Why can't "She is sad all the time" be an accepted answer? Isn't this what it literally means?
See it like "all the time" (hela tiden) means "always during a certain period", and "always" (alltid) means "always during an unlimited period, forever and ever".
So in Swedish 'she is sad' and 'she is sorry' are the same? if yes, are there specific situations you would use them in?
"Sorry" as an English adjective can mean "sad, poor, unfortunate" depending on circumstances.
Example useage in a joke: A: "I'm sorry." B: "Yes, you are. Now apologize."
I don't know. when I hover above ledsen, it says 'sad' and 'sorry'... :)
Yes, you can use "ledsen" to mean "sorry", and I would say it's mostly used in the context of apologizing. Saying "Hon är ledsen" in that sense sounds like you're apologising on her behalf. As for how you would know if it's ledsen sad or ledsen sorry, context.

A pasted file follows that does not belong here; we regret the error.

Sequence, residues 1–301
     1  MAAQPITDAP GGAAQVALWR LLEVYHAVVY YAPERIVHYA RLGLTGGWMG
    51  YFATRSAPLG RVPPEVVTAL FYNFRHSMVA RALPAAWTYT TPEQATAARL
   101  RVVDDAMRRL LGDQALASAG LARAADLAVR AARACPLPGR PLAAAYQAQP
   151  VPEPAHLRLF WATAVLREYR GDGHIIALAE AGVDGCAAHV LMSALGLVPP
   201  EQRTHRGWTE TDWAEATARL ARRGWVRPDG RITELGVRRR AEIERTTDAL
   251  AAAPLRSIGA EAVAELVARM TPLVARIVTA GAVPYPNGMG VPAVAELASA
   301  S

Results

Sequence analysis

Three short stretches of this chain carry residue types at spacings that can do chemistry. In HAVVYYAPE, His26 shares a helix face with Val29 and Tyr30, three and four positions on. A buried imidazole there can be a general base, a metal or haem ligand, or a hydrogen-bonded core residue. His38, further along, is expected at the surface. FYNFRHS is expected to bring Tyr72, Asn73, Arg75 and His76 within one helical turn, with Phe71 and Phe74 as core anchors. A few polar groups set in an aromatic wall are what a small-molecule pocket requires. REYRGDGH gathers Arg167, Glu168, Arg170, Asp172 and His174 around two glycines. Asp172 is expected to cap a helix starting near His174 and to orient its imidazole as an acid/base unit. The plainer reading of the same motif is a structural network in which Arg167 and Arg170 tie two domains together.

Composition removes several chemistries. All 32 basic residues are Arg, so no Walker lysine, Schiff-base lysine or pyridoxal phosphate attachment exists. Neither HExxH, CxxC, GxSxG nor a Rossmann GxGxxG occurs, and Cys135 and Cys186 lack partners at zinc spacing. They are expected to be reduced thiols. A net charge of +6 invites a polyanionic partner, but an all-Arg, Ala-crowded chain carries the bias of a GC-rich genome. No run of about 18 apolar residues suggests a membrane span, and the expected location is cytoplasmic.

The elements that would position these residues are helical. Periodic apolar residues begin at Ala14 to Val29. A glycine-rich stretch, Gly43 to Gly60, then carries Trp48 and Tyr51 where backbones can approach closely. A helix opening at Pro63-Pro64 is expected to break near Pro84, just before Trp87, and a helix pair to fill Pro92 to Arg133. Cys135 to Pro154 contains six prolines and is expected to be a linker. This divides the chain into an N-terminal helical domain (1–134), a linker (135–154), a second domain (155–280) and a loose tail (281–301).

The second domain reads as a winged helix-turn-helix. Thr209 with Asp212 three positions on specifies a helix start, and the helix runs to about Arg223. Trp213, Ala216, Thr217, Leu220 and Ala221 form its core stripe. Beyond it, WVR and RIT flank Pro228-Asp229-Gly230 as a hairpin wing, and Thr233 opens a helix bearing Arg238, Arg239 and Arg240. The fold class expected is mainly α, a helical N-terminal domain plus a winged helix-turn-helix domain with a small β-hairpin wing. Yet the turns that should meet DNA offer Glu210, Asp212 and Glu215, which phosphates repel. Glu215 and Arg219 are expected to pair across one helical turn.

Why do the adverbs sometimes come before the subject and sometimes come after? How do I know which ones work in each way?
There's a long post about word order that you can find from the sticky post under Swedish discussions, that might be helpful.
Disclaimer, not a native speaker here, but I do study Swedish outside of Duolingo. I don't have a super specific answer for you, but ibland will either start or end a sentence. It will not go in the middle. Alltid, aldrig, ofta, sällan, will come after the verb.
Sorry in an apologetic sense or in a bad state sense: "she felt sorry for breaking the vase" or "the house was a sorry sight to behold" ?
It can be either an emotional sense or an apologetic sense. Sorry in the bad state sense would be, at least in the context you provided, "sorglig". A sorry sight = En sorglig syn.
Formally as well, I'd say. I can't see anybody ever pronouncing the d under any circumstances, honestly.
Native here: My old school teacher actually gave me a mnemonic for exactly that. Alltid is alltid (always) spelled with two l's, aldrig is aldrig (never) spelled with two l's.